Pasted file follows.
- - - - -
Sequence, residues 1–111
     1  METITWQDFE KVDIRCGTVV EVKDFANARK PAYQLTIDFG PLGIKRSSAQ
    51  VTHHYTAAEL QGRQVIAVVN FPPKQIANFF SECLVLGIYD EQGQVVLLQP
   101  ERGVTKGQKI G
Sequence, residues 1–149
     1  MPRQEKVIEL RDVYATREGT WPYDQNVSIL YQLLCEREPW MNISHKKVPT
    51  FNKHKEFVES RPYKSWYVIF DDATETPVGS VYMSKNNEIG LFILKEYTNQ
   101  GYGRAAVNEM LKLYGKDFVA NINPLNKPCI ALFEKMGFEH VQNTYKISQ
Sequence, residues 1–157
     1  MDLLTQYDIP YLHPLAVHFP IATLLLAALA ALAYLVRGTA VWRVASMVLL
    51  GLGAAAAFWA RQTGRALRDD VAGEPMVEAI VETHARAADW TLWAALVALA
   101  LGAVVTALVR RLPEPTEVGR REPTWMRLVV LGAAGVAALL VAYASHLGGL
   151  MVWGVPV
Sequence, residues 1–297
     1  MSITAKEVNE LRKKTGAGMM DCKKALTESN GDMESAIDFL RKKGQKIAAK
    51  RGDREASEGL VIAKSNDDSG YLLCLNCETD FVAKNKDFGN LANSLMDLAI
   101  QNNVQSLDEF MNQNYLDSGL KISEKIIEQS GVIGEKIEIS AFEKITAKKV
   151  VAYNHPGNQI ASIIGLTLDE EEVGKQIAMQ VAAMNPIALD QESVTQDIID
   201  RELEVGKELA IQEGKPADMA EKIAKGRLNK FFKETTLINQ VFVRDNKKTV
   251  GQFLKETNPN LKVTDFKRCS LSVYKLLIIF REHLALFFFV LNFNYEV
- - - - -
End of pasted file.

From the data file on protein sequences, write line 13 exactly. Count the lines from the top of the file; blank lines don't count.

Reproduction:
   151  MVWGVPV